Glad to see our beloved Mayor wants to protect the single family housing in the rest of the neighborhood instead of letting it be infilled to 4 stories as currently zoned and pushing out local residents.

Besides, I was listening to five 20-something Roosevelt grads and they'd love to see the crack dens gets replaced with apartment buildings near the station.
@1, do the police know?
That neighborhood needs a Walgreens, immediately.
"348 new housing units and 215,209 square feet of commercial space..."

Why such an imbalance?
Between housing and commercial?
Do we really need the equivalent of two Costcos in that neighborhood? (Much as I love Costco.)
David, I see you're all over the internet right now. 200,000 square feet of commercial is probably including replacement for the QFC, which is being removed for construction.
I've been wondering why PCC settled that deal to open up a new store a few dozen blocks away from the Aurora location on the other side of Greenlake.

Lots more people living over there soon. Smart move.
@4: "Why such an imbalance?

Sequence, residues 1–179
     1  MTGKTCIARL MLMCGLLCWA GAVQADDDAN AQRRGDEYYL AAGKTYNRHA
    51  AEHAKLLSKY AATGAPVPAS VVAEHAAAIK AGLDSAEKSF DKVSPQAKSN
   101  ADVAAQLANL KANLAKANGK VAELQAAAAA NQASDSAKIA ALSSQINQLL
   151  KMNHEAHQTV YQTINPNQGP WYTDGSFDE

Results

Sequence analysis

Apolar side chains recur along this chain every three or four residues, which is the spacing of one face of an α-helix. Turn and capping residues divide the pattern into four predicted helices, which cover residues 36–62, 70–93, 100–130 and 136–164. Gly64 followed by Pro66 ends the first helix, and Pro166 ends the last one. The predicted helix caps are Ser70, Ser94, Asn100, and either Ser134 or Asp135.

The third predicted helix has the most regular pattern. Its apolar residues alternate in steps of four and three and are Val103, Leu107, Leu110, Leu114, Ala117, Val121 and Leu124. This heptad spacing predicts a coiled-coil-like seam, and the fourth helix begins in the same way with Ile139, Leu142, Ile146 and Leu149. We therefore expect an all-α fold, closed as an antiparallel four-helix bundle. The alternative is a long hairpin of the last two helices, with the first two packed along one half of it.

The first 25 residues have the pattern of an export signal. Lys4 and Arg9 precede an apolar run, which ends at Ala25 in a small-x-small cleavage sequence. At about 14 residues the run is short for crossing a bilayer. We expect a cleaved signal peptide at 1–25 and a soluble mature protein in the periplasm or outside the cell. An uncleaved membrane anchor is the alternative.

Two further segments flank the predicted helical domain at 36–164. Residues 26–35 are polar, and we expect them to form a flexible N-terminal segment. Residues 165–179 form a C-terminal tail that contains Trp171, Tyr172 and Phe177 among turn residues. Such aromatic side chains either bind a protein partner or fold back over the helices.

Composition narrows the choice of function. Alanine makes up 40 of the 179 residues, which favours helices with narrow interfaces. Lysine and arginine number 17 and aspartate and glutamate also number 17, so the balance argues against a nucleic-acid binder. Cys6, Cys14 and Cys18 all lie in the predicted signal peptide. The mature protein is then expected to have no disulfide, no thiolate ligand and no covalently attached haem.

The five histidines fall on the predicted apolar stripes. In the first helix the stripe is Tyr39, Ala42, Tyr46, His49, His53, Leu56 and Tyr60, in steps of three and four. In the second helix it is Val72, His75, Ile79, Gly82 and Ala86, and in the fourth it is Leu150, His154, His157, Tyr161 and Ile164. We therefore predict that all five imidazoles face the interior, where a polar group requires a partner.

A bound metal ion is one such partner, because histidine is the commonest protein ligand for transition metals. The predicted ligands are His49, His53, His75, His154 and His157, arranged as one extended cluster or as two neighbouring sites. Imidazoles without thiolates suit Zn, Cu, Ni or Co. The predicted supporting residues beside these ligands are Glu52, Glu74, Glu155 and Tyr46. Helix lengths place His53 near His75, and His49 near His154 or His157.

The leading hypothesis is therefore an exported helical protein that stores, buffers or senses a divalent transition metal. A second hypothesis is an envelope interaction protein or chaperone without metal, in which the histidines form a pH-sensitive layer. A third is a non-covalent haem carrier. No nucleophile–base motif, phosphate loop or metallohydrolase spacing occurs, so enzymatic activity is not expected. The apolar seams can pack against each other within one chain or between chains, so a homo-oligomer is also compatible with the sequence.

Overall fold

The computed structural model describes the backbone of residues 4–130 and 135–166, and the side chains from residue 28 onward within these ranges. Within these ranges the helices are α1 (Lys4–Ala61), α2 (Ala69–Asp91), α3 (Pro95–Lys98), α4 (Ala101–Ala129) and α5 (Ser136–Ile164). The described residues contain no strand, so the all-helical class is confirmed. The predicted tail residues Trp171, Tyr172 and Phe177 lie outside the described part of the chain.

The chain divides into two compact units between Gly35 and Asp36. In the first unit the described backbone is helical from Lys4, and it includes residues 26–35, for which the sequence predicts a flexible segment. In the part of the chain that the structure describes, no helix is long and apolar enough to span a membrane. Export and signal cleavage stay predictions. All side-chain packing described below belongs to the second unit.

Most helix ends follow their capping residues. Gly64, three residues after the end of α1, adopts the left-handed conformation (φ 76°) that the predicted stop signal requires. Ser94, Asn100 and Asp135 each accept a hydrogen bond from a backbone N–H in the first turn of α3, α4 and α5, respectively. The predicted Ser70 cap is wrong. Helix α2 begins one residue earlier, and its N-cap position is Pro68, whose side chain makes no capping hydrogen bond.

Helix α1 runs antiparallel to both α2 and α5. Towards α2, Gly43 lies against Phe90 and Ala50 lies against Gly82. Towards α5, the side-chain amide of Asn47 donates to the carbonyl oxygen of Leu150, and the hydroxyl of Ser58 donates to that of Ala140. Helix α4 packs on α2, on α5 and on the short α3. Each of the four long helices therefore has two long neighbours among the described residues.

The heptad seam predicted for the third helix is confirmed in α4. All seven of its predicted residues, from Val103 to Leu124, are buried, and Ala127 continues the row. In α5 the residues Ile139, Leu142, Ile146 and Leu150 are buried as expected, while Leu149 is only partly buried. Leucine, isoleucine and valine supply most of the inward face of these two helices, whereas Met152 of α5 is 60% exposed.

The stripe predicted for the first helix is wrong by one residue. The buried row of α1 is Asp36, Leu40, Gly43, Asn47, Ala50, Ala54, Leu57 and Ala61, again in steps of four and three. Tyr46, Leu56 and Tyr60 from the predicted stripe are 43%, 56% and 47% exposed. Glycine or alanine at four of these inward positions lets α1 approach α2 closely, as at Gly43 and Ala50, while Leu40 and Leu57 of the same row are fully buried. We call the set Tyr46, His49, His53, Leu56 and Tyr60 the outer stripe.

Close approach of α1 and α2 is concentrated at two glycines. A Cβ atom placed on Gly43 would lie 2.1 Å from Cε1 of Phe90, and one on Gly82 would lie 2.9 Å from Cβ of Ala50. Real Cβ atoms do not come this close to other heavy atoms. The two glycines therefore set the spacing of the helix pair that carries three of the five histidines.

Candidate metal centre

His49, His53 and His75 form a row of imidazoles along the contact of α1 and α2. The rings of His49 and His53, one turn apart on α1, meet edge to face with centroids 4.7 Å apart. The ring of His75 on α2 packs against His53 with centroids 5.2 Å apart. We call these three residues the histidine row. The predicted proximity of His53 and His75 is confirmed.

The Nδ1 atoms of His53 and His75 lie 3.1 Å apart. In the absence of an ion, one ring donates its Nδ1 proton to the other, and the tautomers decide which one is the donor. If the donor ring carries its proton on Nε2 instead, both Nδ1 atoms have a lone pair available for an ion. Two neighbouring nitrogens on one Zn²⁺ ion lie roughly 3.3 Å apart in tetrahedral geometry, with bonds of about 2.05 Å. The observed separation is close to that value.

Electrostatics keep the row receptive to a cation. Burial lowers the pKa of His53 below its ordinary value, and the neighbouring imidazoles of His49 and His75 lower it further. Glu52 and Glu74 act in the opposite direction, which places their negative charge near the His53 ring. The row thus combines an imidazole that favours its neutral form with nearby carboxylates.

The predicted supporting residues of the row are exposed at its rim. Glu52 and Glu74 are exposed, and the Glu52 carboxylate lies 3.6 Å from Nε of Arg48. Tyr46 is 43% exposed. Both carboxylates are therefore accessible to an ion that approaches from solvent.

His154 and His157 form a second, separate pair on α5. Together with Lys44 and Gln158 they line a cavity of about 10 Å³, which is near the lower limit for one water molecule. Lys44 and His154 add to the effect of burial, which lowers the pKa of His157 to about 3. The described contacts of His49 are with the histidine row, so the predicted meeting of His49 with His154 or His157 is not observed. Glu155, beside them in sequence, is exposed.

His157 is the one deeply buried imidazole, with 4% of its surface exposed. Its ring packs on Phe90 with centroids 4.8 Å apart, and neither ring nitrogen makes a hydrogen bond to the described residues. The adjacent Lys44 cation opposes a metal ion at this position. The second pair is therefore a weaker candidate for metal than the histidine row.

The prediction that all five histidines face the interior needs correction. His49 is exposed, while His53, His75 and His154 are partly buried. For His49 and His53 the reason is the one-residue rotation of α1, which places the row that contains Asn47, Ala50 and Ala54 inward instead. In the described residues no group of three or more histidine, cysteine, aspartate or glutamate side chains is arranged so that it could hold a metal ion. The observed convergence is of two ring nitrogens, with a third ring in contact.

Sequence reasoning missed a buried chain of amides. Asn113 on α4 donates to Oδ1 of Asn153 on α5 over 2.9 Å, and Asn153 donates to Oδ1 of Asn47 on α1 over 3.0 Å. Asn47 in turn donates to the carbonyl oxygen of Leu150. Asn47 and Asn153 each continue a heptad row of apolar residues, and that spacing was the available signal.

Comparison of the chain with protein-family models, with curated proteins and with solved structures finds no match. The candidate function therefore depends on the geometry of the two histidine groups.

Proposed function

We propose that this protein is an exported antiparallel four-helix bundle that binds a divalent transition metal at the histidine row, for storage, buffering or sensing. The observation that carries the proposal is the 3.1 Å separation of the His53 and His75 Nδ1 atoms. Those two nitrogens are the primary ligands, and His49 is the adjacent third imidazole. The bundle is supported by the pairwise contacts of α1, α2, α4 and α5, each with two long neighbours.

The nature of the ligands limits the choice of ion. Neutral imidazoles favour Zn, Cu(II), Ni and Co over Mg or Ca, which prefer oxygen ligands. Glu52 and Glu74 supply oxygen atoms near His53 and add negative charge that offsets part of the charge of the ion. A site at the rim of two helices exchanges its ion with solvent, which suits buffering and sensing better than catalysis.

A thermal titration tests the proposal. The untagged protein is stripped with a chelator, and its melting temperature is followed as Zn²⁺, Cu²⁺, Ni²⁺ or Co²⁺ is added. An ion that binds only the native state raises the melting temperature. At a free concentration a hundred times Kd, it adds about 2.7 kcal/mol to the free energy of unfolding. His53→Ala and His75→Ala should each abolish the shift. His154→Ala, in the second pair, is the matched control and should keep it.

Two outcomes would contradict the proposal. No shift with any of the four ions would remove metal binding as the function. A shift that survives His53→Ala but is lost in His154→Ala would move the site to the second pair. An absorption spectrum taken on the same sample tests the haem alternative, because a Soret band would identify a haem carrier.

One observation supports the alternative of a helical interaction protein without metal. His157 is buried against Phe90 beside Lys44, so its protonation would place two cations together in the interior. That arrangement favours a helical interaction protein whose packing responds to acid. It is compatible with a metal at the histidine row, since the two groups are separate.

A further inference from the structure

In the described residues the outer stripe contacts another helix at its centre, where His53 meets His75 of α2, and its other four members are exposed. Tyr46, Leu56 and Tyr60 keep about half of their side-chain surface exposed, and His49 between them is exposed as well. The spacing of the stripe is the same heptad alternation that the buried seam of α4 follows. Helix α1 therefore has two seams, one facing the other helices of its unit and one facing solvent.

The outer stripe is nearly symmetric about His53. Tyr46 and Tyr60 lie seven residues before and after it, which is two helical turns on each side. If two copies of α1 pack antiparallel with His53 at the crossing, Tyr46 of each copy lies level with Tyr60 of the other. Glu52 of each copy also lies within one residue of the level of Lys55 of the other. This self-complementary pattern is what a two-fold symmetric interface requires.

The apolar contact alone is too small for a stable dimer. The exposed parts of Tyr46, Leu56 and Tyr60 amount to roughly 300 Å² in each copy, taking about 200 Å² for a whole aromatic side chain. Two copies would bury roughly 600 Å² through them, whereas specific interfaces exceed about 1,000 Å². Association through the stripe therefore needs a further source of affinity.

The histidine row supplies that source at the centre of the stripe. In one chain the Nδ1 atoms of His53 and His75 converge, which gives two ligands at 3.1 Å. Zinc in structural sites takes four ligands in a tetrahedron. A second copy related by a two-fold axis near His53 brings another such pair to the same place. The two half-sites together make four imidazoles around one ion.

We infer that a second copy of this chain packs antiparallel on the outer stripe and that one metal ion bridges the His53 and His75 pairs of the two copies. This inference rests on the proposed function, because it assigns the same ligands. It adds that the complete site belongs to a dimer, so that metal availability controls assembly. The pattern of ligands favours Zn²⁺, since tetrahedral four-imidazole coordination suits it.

Between housing and commercial?"

Because it's more efficient to refit the existing commercial space for commercial use rather than convert it?
If 200,000sf is for the QFC and QFC cannot get get the zoning for that retail space, then they wont be moving in. Either they'll stay where they are and upgrade their existing building (which would be a major disruption to customers).
Don't Manhattanize Seattle. Why did I move here anyhow?
@9: If density and central planning bothers you, you're correct in that you made a very big mistake in moving to a city.
@9 If you don't like density (and the high rents that come with it) you can always move to the suburbs.
@11, density does not cause high rents, it causes lower rents by increasing housing supply. Sure, the new buildings will have high rent because they are new, but they will lead to lower overall rents in the wider area. This is basic economics.
They should do it like Thorton Place.…

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